“There’s a blockage in arm four. I’ve sent out a scout to correct it.”

The Dressler was well into slowdown now, her pre-arrival phase as she bled off her speed, and they expected to reach 43 Ariadne in another fifteen hours.

Pity no one had yet cracked the whole hyperspace thing. Colin chuckled. Asimov would be disappointed. “Dressler, show me Earth, please.”

A small blue dot appeared in the middle of his screen.

Dressler, three dimensions, a bit larger, please.” The beautiful blue-green world spun before him in all its glory.

Appearances could be deceiving. Even with scrubbers working tirelessly night and day to clean the excess carbon dioxide from the air, the home world was still running dangerously warm.

He watched the image in front of him as the East Coast of the North American Union spun slowly into view. Florida was a sliver of its former self, and where New York City’s lights had once shone, there was now only blue. If it had been night, Fargo, the capital of the Northern States, would have outshone most of the other cities below. The floods that had wiped out many of the world’s coastal cities had also knocked down Earth’s population, which was only now reaching the levels it had seen in the early twenty-first century.

All those new souls had been born into a warm, arid world.

We did it to ourselves. Colin, who had known nothing besides the hot planet he called home, wondered what it had been like those many years before the Heat.

 Publisher: DSP Publications
Author: J. Scott Coatsworth
Cover Artist: Aaron Anderson
Length: 284 Pages
Format: eBook, Paperback
Release Date: 10/10/17
Pairing: MM
Price: 6.99, 16.99
Series: Liminal Sky (Book One)
Genre: Sci Fi, Space, Gen Ship, Apocalypse, Gay, Lesbian, Bisexual, Transgender, Queer

Buy Links Etc:

DSP Publications (paperback)

DSP Publications (eBook)

Amazon

Barnes & Noble

Kobo

iBooks

Goodreads

QueeRomance Ink

 

Author Bio:

Scott spends his time between the here and now and the what could be. Enticed into fantasy and sci fi by his mom at the tender age of nine, he devoured her Science Fiction Book Club library. But as he grew up, he wondered where all the people like him were in the books he was reading.

He decided that it was time to create the kinds of stories he couldn’t find at his local bookstore. If there weren’t gay characters in his favorite genres, he would remake them to his own ends.

His friends say Scott’s mind works a little differently – he sees relationships between things that others miss, and gets more done in a day than most folks manage in a week. He loves to transform traditional sci fi, fantasy, and contemporary worlds into something unexpected.

Starting in 2014, Scott has published more than 15 works, including two novels and a number of novellas and short stories.

He runs both Queer Sci Fi and QueeRomance Ink with his husband Mark, sites that bring queer people together to promote and celebrate fiction that reflects their own lives.

Author Links:

Website

Facebook (personal)

Facebook (author page)

Twitter 

Goodreads

QueeRomance Ink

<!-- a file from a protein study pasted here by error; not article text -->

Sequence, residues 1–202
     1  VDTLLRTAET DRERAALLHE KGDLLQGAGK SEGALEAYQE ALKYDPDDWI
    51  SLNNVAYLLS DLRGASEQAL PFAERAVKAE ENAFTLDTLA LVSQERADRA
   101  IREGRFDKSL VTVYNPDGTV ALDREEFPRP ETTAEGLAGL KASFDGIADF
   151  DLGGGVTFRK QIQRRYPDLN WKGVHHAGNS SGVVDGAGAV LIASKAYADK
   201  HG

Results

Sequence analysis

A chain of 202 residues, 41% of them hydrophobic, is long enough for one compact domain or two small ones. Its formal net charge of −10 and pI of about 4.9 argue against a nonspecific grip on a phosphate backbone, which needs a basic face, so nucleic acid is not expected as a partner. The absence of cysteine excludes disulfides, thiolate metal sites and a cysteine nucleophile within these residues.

Amazon

 

 

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Rainbow Snippet for 10-7-2017

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Rainbow Snippets is a group for LGBTQ+ authors, bloggers, and readers to gather once a week and share six sentences from a work of fiction–a WIP or a finished work or even a 6-sentence book recommendation (no spoilers please!).   Check out all the other awesome snippets by clicking on the picture above.

More from Onyx Sun, (which really will be finished some day) picking up from last week.

“Let’s get him out of there and get some answers.”

Ayess shuddered but took a deep breath and nodded reluctantly. 

“Are there weapons on board?” ni asked.

“No, but we won’t need one.”

“You did not see what he did…”

“Two things, Ayess.  One, I have seen people come out of a cryo chamber.  They wake up groggy and disoriented.  We’ll have more than enough time to assess him before he regains any sort of coordination or strength.” 

“You are right,” ni admitted reluctantly, then tilted ni-es head.  “What is the other thing?”

Ayess’ race does not have words for he/she/his/hers, etc, because they are (for lack of a better term) hermaphroditic. Their pronouns to refer to other members of their race are “ni” (for he/she/him/her), “ni-es” (his/hers), “ni-en” (they/them) and “ni-en-es” for theirs.

 

 

 

 

 

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Rainbow Snippet for 9-30-2017

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Rainbow Snippets is a group for LGBTQ+ authors, bloggers, and readers to gather once a week and share six sentences from a work of fiction–a WIP or a finished work or even a 6-sentence book recommendation (no spoilers please!).   Check out all the other awesome snippets by clicking on the picture above.

More from Onyx Sun, (which really will be finished some day) picking up from last week.

 

Ni drew a deep breath, staring at the chamber. 

“He is a Ferelian.  They…”  Ni frowned.  “They are not native to the planet we were on.  They are from Ferelis Three and they are… They are a primitive people, they do not have space travel.”

“Then he did not get there by himself.”  She frowned.  “Isn’t Ferelis a proscribed system?”

“Very,” Ayess said.  “The penalty for going there is death.”

 

 

Ayess’ race does not have words for he/she/his/hers, etc, because they are (for lack of a better term) hermaphroditic. Their pronouns to refer to other members of their race are “ni” (for he/she/him/her), “ni-es” (his/hers), “ni-en” (they/them) and “ni-en-es” for theirs.

 

 

 

 

 

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Rainbow Snippet for 9-23-2017

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Rainbow Snippets is a group for LGBTQ+ authors, bloggers, and readers to gather once a week and share six sentences from a work of fiction–a WIP or a finished work or even a 6-sentence book recommendation (no spoilers please!).   Check out all the other awesome snippets by clicking on the picture above.

More from Onyx Sun, (which really will be finished some day) picking up from last week.